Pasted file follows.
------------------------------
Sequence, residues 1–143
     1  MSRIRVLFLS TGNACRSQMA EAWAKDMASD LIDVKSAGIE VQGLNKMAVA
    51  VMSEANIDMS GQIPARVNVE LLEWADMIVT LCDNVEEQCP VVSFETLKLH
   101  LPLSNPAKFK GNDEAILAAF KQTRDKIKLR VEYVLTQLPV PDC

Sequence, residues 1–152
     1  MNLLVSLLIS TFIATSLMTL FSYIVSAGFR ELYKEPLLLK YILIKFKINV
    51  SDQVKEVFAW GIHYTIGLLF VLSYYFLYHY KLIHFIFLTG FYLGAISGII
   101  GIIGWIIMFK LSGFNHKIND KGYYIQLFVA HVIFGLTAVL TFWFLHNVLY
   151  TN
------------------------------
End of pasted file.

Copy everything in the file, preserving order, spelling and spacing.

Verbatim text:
Sequence, residues 1–143
     1  MSRIRVLFLS TGNACRSQMA EAWAKDMASD LIDVKSAGIE VQGLNKMAVA
    51  VMSEANIDMS GQIPARVNVE LLEWADMIVT LCDNVEEQCP VVSFETLKLH
   101  LPLSNPAKFK GNDEAILAAF KQTRDKIKLR VEYVLTQLPV PDC

Sequence, residues 1–152
     1  MNLLVSLLIS TFIATSLMTL FSYIVSAGFR ELYKEPLLLK YILIKFKINV
    51  SDQVKEVFAW GIHYTIGLLF VLSYYFLYHY KLIHFIFLTG FYLGAISGII
   101  GIIGWIIMFK LSGFNHKIND KGYYIQLFVA HVIFGLTAVL TFWFLHNVLY
   151  TN